Samsung has been making good tablets for years, but it’s a market that Apple continues to dominate. Some of the best Android tablets on the market have struggled to convince the tech buying public that they are worth the money.
Therefore it’s no surprise that Samsung has updated its flagship Android tablet, the Galaxy Tab S3, but also rebranded and updated this, its high-end Windows 2-in-1 tablet computer. Last year’s Tab Pro S was disappointingly unrefined. Enter the Galaxy Book.
There are 10.6in and 12in versions and I reviewed the latter. I’ve used the former too, and the 12in model is the better one because you’ll want the larger screen for most computing tasks, and also because you need it to get the better specs (the 10.6in only comes with an m3 chip).
It’s a solid computer (yes, it’s a full computer) that I sometimes wished was a full on laptop as it does those things way better than it does tablet stuff. Still, it’s progress, and it’s easy to use, but not fun in the same way an iPad Pro or even Surface Pro can be. Then again, this is mainly a machine for work, with a small amount of play thrown in.
Price and availability
The 12in Galaxy Book is available in the UK directly from Samsung from £1,099 with 128GB storage and 4GB RAM. You can up that to 256GB and 8GB for £1,269. Both are Wi-Fi only. My review unit is the latter.
You can also opt for the high-end model with 4G capabilities, coming in at a lofty £1,439 and is the only option for 4G with that screen size.
There are only two 10.6in models, both with a fixed 64GB and 4GB RAM; £649 for Wi-FI only and £739 for 4G. Just be aware that the 10.6in has a less capable processor and inferior display tech with an FHD TFT compared to the sAMOLED in the 12in.
Bearing in mind that the sub-par Tab Pro S started at £849, the £649 entry level price is excellent and – yes, Samsung! – includes the folio keyboard case and the S Pen. Brilliant start.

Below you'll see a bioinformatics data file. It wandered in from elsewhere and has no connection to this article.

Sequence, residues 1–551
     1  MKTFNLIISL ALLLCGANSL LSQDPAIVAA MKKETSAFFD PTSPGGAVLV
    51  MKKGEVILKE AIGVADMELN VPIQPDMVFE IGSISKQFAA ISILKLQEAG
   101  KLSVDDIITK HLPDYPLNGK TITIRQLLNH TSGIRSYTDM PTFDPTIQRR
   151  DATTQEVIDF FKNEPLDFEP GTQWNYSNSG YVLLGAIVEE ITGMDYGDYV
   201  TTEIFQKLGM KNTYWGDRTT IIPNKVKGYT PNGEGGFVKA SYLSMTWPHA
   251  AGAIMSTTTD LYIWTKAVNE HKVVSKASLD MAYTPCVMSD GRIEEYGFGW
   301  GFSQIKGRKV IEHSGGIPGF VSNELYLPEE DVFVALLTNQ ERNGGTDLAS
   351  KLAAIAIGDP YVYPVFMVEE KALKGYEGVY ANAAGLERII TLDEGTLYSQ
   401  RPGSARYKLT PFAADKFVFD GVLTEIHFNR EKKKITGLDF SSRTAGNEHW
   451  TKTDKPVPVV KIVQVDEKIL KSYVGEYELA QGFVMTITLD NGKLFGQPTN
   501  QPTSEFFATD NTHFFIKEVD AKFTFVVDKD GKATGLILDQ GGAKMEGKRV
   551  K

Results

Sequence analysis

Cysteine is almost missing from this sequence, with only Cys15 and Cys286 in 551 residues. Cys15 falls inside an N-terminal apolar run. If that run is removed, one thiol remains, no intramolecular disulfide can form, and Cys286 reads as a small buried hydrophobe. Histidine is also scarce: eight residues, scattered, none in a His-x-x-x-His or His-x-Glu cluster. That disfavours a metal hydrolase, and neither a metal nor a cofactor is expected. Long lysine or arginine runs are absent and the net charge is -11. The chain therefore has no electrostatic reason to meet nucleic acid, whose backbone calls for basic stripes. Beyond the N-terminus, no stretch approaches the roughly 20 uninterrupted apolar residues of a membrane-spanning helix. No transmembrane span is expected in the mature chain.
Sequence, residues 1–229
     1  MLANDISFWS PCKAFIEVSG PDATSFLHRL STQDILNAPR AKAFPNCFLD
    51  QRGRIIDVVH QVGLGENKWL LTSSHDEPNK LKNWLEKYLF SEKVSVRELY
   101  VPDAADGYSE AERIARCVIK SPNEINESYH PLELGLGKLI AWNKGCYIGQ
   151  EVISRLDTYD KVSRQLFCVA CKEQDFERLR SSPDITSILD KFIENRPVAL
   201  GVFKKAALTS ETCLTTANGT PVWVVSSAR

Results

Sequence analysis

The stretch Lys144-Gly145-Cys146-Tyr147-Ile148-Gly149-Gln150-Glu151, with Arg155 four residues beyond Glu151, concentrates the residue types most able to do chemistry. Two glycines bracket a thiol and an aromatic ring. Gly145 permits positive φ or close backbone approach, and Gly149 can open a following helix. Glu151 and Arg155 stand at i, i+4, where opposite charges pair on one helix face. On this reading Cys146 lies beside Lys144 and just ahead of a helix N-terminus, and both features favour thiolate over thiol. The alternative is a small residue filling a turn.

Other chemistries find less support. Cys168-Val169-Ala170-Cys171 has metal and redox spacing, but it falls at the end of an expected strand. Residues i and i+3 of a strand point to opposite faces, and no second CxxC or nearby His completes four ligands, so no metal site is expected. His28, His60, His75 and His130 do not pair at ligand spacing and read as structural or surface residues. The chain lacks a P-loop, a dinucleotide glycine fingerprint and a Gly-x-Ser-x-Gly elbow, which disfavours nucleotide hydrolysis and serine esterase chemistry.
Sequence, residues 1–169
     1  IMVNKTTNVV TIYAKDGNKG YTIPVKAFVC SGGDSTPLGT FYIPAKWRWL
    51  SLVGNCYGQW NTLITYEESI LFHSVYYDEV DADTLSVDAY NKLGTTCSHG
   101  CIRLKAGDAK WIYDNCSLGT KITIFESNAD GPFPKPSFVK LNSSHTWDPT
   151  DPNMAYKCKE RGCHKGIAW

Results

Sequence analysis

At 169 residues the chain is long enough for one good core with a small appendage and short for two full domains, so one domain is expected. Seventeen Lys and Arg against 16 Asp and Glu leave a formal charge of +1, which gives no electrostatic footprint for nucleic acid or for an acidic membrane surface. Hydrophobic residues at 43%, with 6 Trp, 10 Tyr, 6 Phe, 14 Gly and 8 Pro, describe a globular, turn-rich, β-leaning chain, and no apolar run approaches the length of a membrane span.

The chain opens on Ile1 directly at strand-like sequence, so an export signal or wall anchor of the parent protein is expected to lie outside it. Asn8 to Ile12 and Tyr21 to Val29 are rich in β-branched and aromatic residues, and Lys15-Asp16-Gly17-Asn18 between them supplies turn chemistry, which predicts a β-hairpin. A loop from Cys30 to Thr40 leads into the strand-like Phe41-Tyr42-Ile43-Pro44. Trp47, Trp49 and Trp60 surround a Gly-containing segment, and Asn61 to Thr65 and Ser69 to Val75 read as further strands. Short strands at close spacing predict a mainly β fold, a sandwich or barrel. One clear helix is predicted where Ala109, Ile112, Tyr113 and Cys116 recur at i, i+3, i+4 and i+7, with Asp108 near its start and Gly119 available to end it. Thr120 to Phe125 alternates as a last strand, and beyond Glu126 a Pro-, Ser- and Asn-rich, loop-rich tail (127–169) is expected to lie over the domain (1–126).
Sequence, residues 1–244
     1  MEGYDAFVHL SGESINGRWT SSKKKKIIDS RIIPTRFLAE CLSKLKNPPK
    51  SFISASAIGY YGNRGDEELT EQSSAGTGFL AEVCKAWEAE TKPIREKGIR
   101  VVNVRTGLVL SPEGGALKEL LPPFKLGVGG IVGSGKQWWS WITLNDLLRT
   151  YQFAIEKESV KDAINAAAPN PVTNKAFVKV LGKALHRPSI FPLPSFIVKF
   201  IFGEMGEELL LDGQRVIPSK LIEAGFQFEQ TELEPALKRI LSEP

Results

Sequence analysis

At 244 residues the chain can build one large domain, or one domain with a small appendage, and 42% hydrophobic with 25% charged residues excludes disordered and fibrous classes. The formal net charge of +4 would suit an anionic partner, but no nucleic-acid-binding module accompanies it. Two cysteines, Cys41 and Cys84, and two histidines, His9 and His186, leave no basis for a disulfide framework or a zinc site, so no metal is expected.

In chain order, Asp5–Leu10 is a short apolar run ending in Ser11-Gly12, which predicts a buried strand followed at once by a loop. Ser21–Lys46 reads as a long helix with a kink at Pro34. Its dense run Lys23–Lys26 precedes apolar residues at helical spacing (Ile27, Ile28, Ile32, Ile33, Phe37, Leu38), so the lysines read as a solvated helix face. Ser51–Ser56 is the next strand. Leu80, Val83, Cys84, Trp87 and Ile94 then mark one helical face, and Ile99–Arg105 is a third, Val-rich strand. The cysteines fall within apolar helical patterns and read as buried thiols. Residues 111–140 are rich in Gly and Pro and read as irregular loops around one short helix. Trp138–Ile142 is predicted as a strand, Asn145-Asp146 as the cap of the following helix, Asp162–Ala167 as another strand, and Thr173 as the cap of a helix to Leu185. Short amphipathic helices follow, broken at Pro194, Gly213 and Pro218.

Design and build
Concentrating on the 12in Galaxy Book, it’s a machine that Samsung has pleasingly updated from the Tab Pro S. It’s not actually that desirable aesthetically, and its relative bulk is more austere than Microsoft’s angular Surface Pro or Huawei’s svelte MateBook E. But its damn functional, and that is squarely where Sammy is aiming here.
The tablet itself is attractive but not made of the most premium materials. The silver casing is plastic, and it’s noticeable. We’ve come to expect metal and rightly so. It’s disappointing to see the £1,000+ Galaxy Book made of plastic.
The design language is pretty far removed from the smooth, sleek Galaxy S8 phones, but it’s still an improvement on the TabPro S, a device let down by the keyboard case. It was too flimsy meaning the tablet would often flop over while typing. No such problem here, with the magnetic four-position stand surprisingly sturdy, with good viewing angles.
Tablets like this are normally let down by their keyboards (iPad Pro) but others are triumphs because of it (Surface Pro). Luckily the Galaxy Book falls into the latter category.
The keyboard folio has a Pogo connector akin to the iPad Pro’s. This means it needs no charge, and auto pairs with the tablet as soon as the two are docked. It is great to type on and the keys have a laptop-eque travel within the relatively slim case. They have a few millimetres gap between them also, far preferable to the Tab Pro S’ flush, gapless layout that was hard to master.
They are also mercifully backlit, adjustable to three levels (and off). They sit above a just about big enough trackpad that has a good tactile physical click to its one button and good mouse travel.
A clue to its laptop pretensions is the rear camera and logo placement – both central when held landscape. The silver metallic back is only broken by said camera, while the front side bezel is a business-like black. You can choose between a white or black keyboard though.
In the box with the improved keyboard is Samsung’s S Pen, the stylus you can also use with its Note range of phones. It’s either silver or black depending on the colour of keyboard, and completes a very attractive 2-in-1 package that folds away. There’s even a removable sticky tab to attach to the folio if you want to store the pen, but it’s odd that it’s not built in and feels like an afterthought.
Yes, it’s all still more annoying than just using a laptop, and I still can’t quite see myself trading in a laptop for this even though the port situation is largely the same. But if you like this form factor, the Galaxy Book is nearly up there with the Surface Pro in terms of design, and that can only be a good thing.
Features and specifications